Knowing your handicap and living with it is tough, but it will eventually happen. From this blog I can see that in the beginning of this year I was extremely upset, unable to grasp what just happened to me. Now I see a future but I am waiting until I was mentally healthy to pursue it. However, nothing is perfect, and there are still bad days. Either way, it is important to know that this whole experience is a roller coaster. Sometimes life happens, and you just have to go along with it.

Note that I am unable to read all this and make sense of it. This will therefore be published without proof reading.

How do you know?

How do you know if you are recovered? How do you know that you are cured? After 1.5 years, I don’t remember how it is to be well. Actually, I think I have never been well, even before the concussion. For years I suffered from anxiety disorder, I have had depression, I lived my life by doing everything all at once. I might have never actually LIVED a day at a time, even though I believed I did.

Monday was a new day for me. I translated an article from one language to two others. I posted it on the website and on facebook. This is part of my volunteer work on an NGO project that I have been a part of for four years, but for the past months I haven’t been active at all. On Monday I decided to start writing articles as a brain exercise. The results were astonishing!

For the past 5 months I have done NOTHING. I gave up my volunteer work. I have spent my days at home, going for walks, going to the gym, binge watching series, binge reading books, eating, sleeping. Basically what holidays should look like. The only brainy activity I have done was writing articles in my For Equal Rights blog, which forces me to articulate and make sense of my thoughts and ideas. On Monday I translated an article from Spanish, which I am not fluent in, to Portuguese and English. On Tuesday I summarised and analysed data, which I managed to scientifically put together into a coherent article that I published today. I am excited that I managed to do this without feeling anxious, freaked out or with a throbbing headache in the end of it. It wasn’t as hard as it used to be.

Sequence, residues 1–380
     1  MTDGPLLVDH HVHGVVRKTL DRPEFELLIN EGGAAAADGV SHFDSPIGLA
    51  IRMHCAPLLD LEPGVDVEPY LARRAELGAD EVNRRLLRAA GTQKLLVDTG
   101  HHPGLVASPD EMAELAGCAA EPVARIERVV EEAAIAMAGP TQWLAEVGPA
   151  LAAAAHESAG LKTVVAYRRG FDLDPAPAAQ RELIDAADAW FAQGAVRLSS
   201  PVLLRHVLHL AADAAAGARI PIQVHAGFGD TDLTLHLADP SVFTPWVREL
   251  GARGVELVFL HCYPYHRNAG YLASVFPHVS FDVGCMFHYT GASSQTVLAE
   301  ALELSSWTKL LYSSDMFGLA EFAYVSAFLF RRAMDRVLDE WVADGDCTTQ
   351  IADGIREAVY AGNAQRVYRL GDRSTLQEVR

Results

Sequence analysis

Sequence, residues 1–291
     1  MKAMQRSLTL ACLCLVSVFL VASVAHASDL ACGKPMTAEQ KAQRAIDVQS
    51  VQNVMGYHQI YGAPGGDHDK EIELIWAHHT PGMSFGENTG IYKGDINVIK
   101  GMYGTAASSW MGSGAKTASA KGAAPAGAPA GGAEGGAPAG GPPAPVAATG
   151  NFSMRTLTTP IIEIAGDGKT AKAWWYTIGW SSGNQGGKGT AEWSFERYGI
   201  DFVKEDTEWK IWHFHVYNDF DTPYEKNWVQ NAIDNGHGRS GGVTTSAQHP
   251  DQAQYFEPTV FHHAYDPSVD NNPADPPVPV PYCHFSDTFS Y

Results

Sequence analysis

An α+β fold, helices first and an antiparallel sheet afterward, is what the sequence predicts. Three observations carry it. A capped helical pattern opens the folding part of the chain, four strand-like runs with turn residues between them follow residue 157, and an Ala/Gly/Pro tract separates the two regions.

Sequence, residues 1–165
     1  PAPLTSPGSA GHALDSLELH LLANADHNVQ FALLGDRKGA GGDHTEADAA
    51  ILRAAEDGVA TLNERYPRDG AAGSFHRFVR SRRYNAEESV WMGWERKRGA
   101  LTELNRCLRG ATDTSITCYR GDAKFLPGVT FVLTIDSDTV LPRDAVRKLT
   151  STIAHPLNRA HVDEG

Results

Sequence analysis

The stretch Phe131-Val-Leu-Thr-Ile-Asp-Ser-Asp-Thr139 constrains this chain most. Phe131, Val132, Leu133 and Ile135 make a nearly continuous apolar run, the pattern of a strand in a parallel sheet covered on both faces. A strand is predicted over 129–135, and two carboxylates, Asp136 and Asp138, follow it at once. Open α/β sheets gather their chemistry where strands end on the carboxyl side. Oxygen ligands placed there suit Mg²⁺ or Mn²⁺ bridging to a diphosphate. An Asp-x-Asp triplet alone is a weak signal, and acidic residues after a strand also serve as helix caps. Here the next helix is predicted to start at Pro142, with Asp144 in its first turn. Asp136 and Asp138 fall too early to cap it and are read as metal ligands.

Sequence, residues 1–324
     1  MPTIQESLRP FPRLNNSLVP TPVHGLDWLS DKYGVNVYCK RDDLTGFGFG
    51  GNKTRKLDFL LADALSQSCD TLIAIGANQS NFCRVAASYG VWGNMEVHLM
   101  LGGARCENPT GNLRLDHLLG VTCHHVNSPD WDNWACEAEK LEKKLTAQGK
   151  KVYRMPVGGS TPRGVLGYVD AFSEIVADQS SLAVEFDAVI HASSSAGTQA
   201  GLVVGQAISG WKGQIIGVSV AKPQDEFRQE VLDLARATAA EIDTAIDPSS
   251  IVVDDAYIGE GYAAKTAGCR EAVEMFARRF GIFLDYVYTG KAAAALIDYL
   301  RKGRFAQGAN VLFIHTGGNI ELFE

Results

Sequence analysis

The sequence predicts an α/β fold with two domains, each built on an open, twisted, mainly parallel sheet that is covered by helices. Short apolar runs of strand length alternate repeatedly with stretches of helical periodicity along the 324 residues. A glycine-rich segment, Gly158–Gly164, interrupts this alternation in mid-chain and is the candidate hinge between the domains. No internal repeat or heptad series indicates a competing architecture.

Does that mean I am cured? I still think it is too soon to tell. What I learned in the past days is that, yes, I can manage writing an article, but that is on my free time, alone, and at my own accord. If it was a job, where there are expectations, where there are deadlines, my anxiety might have risen, my brain might have blocked, and my head might have been throbbing in pain, ultimately, I would be exhausted from the exercise.

What I learned from this whole experience is that my previous life style bad for my health and that from now on I have to take more control over it. I don’t like the word “control” – I find that it doesn’t let people be free to live – I think I mean more, aware. We need to be more aware, more mindful, not let things get out of hand, listen to your body and make adequate changes.

I am now living stress free, I want to continue to live stress free. But how and when do I get back work, and what work? Should I even work full time? Should I get back to studies? What studies? Should I change my degree, my Master thesis? Something has to change, but what? How do you know when you are recovered and can go back to living a “socially accepted” life of work and studies?

Balance is Delicate

It has nearly passed 5 months since I decided to break myself from all work, volunteer commitments and studies. I realised what this is now – a sabbatical year. Good to have a name for it when new people ask “what do you do?” But how in the hell do you cure a burnout, especially when you have memory issues. It can be quite overwhelming to do it all by yourself, especially when you are incapable to organise stuff in your head. One day at a time.

Eventually I will have the support from a professional that can guide me through it.

One day at a time.

As I look back 5 months, I have no idea what has improved and what has not, because I can’t remember. We all take memory for granted.

One day at a time.

I have to stop thinking, and there is nothing wrong with that. The critique from my incompetent doctor really hit me hard. Her sickening, tired eyes still haunt me. The feeling of hate and anger, still haunts me. She made me question everything I say. And when you have bad memory, you have to trust yourself and the little fragment memories you have to be able to tell a story or relive a memory. She made me think that I was lying and that my problem is psychological. However, I keep here in record, that I have over and over again though that my memory was induced to stress, but even when I am happy and stress free, the memory is still weak. It get’s worse when I am overwhelmed, yes, but the problem is still there. She told me I did a mistake taking this sabbatical, that I should be working. I have to remember the feeling of frustration and the troubling thoughts that I was going to hit the wall, the physical pain, the bowel problems, the headaches, the confusing, the sadness that I experienced while studying, which made me take this decision.

She knows nothing.

She is incompetent.

I have to believe that, even though I do not remember, that the description of my symptoms and feelings that I tell people, is the truth. When you have a bad memory, it is easy for a doctor to drive you insane. You might feel that what you remember is made up and not the reality – and there is no way to know. I was aware of that since the beginning, which is why I trusted every fragment memory I had and have, and so far, they have been correct in other situations which can be proven.